“I am learning all the time. The tombstone will be my diploma.” ~ Eartha Kitt
For as long as I can remember I’ve wanted to learn to play the cello. There’s something about that instrument that ravishes me every time I hear it. I feel it first in my belly as its notes swell with passion, then it traverses the length of my body as if I were being played by the master as well. Holding its curved wood and taut strings is like caressing a lover, hands and legs leading the dance of pizzicato and crescendo. It’s a sexy beast. Think of the cello’s climatic role in The Witches of Eastwick and you get the idea.
Of course learning is not mastery. I know that at my age I will not become a cello virtuoso; in fact it’s likely I will be a dismal hack. That’s not a self-deprecating appeasement. It’s just true. The older I get the more I know I don’t know and feel quite content residing on my know-nothing estate. The days of feeling like the mistress of my domain or even wanting that burden have ebbed with time so that I can barely assuage my surety of knowing anything anymore.
There’s an old adage offered up to many a fledgling author: write what you know. If I were a bee keeper compiling a book on the care and maintenance of bee hives that suggestion would get me started, but if I’m engaged in the world there’s always more to learn and more life to add to my apiculture offerings. Limiting myself to the menu of writing what I know would lead me to starvation as well any readers I may have invited to the table. Stephen King in his book, On Writing: A Memoir of the Craft, offers some salient wisdom concerning the art of wordsmithing and that particular axiom. What’s fair game to write about? “Anything at all…as long as you tell the truth.”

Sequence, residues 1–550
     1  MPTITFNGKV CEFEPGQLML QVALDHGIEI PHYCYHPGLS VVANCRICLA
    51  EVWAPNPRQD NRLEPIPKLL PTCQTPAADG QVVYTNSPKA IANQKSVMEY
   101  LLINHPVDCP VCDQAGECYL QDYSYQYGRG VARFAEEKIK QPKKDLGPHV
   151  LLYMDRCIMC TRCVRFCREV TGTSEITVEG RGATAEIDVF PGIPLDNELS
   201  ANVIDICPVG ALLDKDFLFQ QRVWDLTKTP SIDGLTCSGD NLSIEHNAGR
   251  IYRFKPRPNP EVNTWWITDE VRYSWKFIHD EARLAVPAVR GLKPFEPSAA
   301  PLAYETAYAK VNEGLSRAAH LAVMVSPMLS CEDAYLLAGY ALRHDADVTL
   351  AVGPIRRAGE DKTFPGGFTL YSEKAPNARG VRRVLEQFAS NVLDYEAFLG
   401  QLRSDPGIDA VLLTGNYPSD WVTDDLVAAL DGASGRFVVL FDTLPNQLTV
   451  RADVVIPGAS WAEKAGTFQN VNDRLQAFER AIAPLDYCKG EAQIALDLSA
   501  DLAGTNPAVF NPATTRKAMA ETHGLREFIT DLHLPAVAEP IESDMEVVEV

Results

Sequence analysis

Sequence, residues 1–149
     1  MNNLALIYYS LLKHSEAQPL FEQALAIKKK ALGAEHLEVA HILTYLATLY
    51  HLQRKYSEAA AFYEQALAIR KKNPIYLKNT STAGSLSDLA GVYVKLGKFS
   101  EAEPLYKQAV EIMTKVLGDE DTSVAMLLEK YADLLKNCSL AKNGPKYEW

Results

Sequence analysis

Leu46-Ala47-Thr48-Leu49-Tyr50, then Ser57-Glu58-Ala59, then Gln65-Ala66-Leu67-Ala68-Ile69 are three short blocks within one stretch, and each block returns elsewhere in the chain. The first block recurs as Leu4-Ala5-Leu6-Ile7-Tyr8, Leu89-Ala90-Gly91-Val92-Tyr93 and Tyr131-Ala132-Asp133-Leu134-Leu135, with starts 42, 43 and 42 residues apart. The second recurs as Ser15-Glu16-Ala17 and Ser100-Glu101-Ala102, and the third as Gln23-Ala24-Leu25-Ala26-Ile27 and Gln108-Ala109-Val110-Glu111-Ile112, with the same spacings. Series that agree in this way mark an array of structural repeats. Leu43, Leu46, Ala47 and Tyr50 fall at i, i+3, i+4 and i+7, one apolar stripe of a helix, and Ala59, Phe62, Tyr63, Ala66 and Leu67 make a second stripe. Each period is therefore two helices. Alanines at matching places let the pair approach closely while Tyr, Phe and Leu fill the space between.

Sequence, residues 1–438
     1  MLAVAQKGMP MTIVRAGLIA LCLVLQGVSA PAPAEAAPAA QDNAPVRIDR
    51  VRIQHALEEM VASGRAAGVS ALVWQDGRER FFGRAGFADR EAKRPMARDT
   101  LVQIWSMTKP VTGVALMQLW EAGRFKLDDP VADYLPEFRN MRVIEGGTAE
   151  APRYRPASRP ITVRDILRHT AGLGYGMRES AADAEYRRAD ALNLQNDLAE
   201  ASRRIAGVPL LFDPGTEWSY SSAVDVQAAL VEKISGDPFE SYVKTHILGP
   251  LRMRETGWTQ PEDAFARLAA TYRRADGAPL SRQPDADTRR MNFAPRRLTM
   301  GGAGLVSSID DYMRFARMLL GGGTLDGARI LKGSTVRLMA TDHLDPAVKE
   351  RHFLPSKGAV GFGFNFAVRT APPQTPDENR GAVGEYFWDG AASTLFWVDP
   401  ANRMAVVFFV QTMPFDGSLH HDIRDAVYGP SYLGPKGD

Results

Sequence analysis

Most writers I think will say they were puzzled as to where their stories were leading them, gobsmacked at what opened up for them in the laying down of words, humbled by the thread of divinity coursing through the pages of text that added their name in the end. It was embers of truth and kindling of what they knew that ignited and stirred them, transforming them and their writing in the fires of learning.
The same goes for us all in life. To know is to exist in a closed cell, exorcised from all that life can teach us. To learn opens us up to storehouses of wealth that can enrich and deepen our human experience. Knowing is the nail in the coffin. Learning is the phoenix rising time and again. One of the reasons I admire and follow the Buddhist way is that it calls itself a practice. Not a knowing or a doctrine, but a hands-on, get your heart dirty practice. The Buddha himself said (in so many words) “Don’t take my word for it.” He encouraged his followers to learn for themselves what it means to be living in presence, experiencing each moment in exactitude and letting it all go in the next breath. How do you get to Nibbana? Practice, practice, practice.
Cello lessons await. I’m open to learn and make ear flinching mistakes. I may grow tired or frustrated with it all or I may one day share the reviews of my recital when I sat down and played something discernible and resembling music. In the interlude, enjoy my favorite cellist, Yo Yo Ma, along with some of his friends, who are all ever learning, never knowing and I’m pretty sure always practicing.
Cello Photo – Microsoft Office Images
Home Page Feature Image – Screen Cap From Video
Video: Helping Hand, from The Goat Rodeo Sessions
Quote by Eartha Kitt from ThinkExist.com
Excerpt from “On Writing: A Memoir of the Craft” by Stephen King, copyright 2000, Scribner,
a division of Simon & Schuster, Inc., p. 158